Word of the Day : January 15, 2011


noun kuh-RIZ-muh


1 : a personal magic of leadership arousing special popular loyalty or enthusiasm for a public figure (as a political leader)

2 : a special magnetic charm or appeal

Did You Know?

The Greek word "charisma" means "favor" or "gift." In English, it has been used in Christian contexts since about 1640 to refer to a gift or power bestowed upon an individual by the Holy Spirit for the good of the Church. (This sense is now very rare.) The earliest nonreligious use of "charisma" that we know of occurred in a German text, a 1922 publication by sociologist Max Weber. The sense began appearing in English contexts shortly after Weber’s work was published.


The young singer had the kind of charisma that turns a performer into a star.

"On one level, 'Bloody Bloody Andrew Jackson' is an irreverent, bratty rock musical about our seventh president as a baby rock star who loves his tight jeans and a sociopath who loves his big gun. Embedded in the Wild West satire, however, are serious questions about the importance of charisma in the selection of American leaders and the justifications our forebears used to grab land in the fancy name of Manifest Destiny." -- From a review by Linda Winer in Newsday, December 15, 2010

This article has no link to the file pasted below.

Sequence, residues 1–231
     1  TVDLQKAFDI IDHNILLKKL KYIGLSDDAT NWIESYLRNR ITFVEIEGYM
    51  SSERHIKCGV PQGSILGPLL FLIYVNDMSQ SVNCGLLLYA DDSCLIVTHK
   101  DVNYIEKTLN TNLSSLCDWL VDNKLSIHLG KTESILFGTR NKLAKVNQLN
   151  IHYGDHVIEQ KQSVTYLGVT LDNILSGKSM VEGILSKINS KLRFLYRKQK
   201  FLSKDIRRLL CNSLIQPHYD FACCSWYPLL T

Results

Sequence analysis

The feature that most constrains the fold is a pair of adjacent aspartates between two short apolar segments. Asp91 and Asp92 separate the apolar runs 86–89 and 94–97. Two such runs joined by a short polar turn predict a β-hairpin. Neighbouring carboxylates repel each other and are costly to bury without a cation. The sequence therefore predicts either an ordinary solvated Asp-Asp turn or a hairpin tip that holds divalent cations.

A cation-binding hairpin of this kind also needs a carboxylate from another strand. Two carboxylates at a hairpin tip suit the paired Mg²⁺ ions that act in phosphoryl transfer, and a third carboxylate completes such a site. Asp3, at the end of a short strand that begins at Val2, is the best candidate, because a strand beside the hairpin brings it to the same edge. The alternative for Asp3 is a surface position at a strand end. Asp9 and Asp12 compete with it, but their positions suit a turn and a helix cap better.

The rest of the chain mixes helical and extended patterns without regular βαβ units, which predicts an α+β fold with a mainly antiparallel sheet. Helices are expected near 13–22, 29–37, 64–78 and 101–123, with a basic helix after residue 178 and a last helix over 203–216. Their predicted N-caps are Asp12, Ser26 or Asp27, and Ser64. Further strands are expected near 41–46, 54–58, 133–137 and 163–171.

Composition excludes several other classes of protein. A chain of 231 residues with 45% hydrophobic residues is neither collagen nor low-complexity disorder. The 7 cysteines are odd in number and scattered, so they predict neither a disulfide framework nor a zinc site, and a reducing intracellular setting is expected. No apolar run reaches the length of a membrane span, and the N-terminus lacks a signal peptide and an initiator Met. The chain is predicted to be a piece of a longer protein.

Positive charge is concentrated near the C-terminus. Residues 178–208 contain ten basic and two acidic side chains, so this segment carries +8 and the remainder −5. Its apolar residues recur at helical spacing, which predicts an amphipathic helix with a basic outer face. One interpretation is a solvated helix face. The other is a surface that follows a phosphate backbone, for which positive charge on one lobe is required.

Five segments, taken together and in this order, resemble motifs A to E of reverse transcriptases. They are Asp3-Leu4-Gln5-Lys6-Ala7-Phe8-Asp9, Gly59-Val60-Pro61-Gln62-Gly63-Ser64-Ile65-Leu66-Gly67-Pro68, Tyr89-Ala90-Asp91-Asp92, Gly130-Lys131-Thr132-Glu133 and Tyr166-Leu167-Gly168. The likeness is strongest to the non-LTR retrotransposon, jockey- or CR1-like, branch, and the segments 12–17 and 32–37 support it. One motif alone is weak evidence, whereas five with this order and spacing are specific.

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play wotd-charisma

'Charisma' — Video Word of the Day 1/29/2019

noun - special magnetic charm or appeal


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